3rd July. Tom, Sam and I had managed to fit in a trip to the Farne Islands this afternoon and having been assured that Glad Tidings 1V was heading straight to Inner Farne for the terns (or in a few of our cases ‘THE TERN’) and having been carefully guided to the boat we sat back with the crowds and eagerly awaited our arrival on Inner Farne. It wouldn’t take long, or so we thought. Another guy, keen to add ‘THE TERN’ to his Northumberland list suggested that the boat was heading in the wrong direction. Casually, Sam suggested the approach to Inner Farne was probably slightly altered by the tides! This was Sam’s third visit to the Farnes in the past three weeks, so he knows these things. I only began to wonder when the boat clearly passed the Inner Farnes and when the crew announced we were heading for the Outer Farnes! I couldn’t believe we had stepped onto the wrong boat! No one else turned a hair apart from our companion fellow birder. We tried unsuccessfully to attract the attention of the crew. By the time we reached the Outer Farnes and were following the other boat which we had been careful not to get onto one of the crew came across to us and offered an explanation. It seems that another boat firm, which I won’t bother to name, had landed a party at around noon and this had been done without permission so the wardens on the Farnes were not allowing further landings on Inner Farne! Well by now I was giving up hope of seeing ‘THE TERN.’ My suspicion was that boat crews eager to make money whilst ‘THE TERN’ remained, were dropping of numbers which were topping their quota and we were paying the price. Yes, perhaps I should not be so accusing and sceptical, but having been given no explanation otherwise, I was left thinking this. I know it isn’t the done thing to criticise the boat firms that operate from Seahouses, and it wasn’t Glad Tidings fault that they had been refused permission to land. I fully understand that boat trips such as this may need to change plans depending on circumstances, but I have to say surely paying passengers are entitled to an explanation as to what is happening and why. We eventually did arrive off Inner Farne and off Inner Farne we waited for fifteen to twenty minutes until folk were cleared off the island. We eventually landed and found we had one hour to spend on the island.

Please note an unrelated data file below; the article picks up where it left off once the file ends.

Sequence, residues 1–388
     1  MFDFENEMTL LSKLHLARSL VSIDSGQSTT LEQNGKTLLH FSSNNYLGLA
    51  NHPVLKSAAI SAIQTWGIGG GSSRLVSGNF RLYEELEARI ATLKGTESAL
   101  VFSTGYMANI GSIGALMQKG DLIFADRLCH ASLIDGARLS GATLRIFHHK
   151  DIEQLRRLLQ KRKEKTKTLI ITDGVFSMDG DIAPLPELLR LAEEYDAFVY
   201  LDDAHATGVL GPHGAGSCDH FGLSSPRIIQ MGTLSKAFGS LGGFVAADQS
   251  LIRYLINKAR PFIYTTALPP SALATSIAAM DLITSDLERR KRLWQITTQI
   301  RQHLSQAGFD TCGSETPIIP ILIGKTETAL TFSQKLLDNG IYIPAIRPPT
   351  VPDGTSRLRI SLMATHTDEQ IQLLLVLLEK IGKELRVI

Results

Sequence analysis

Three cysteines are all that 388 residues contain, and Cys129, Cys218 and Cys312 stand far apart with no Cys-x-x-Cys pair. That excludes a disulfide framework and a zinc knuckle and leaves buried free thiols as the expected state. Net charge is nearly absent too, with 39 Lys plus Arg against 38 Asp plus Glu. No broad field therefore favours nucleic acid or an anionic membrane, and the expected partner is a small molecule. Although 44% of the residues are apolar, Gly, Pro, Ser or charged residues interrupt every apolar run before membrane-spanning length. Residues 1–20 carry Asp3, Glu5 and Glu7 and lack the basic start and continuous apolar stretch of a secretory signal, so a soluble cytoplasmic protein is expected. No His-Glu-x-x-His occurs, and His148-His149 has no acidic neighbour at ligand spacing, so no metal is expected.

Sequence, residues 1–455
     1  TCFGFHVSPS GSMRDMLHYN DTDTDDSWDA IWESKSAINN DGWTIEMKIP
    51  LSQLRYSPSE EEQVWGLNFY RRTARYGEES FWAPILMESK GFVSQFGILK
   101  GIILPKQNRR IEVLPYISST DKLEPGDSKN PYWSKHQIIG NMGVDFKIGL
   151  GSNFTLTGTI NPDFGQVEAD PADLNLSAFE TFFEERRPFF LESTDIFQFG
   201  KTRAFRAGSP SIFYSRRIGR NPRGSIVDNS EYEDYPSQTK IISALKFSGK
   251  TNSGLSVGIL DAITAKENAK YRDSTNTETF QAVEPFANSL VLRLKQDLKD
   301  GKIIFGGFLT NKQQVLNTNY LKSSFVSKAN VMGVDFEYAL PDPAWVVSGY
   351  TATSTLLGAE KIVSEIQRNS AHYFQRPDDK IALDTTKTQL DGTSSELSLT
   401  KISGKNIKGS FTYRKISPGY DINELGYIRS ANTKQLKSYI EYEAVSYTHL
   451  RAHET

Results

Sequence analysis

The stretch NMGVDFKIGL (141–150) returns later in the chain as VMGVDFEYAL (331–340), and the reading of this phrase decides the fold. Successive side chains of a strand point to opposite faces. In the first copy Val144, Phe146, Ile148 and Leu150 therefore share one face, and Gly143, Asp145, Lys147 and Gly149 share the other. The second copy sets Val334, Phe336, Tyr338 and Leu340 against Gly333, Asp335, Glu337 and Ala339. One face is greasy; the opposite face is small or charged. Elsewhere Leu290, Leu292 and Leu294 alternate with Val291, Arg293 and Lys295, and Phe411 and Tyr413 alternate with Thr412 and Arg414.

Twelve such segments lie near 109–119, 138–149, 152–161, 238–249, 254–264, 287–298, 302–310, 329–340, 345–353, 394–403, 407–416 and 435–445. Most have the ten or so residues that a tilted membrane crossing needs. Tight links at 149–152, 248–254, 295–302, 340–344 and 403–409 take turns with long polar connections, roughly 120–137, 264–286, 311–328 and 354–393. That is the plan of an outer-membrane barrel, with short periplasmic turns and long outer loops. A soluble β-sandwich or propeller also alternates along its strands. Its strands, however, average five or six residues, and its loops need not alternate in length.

Whilst we had been hovering off the island all the terns had risen. THE TERN was amongst them apparently, but on landing had disappeared behind a ridge on the rocks and could not be seen from any angle. We weren’t going to have much time for it to reappear. Our companion birder on the boat had apparently spent five hours on the island yesterday and managed to miss ‘THE TERN.’ He had left in the evening and it had apparently returned from fishing after twenty minutes of his boat leaving! Well, to cut a long story short the terns did rise again, with The Bridled Tern showing really well in flight, at one point right over our heads before settling again and giving a good sighting on the rocks. I was too busy watching to even attempt a photo. On this occasion the watching was far more important. Great bird, a lifer (the only one of the year so far) and very appropriate, as I’ve begun to read New Naturalists new Edition, Terns and a very good read it is proving to be.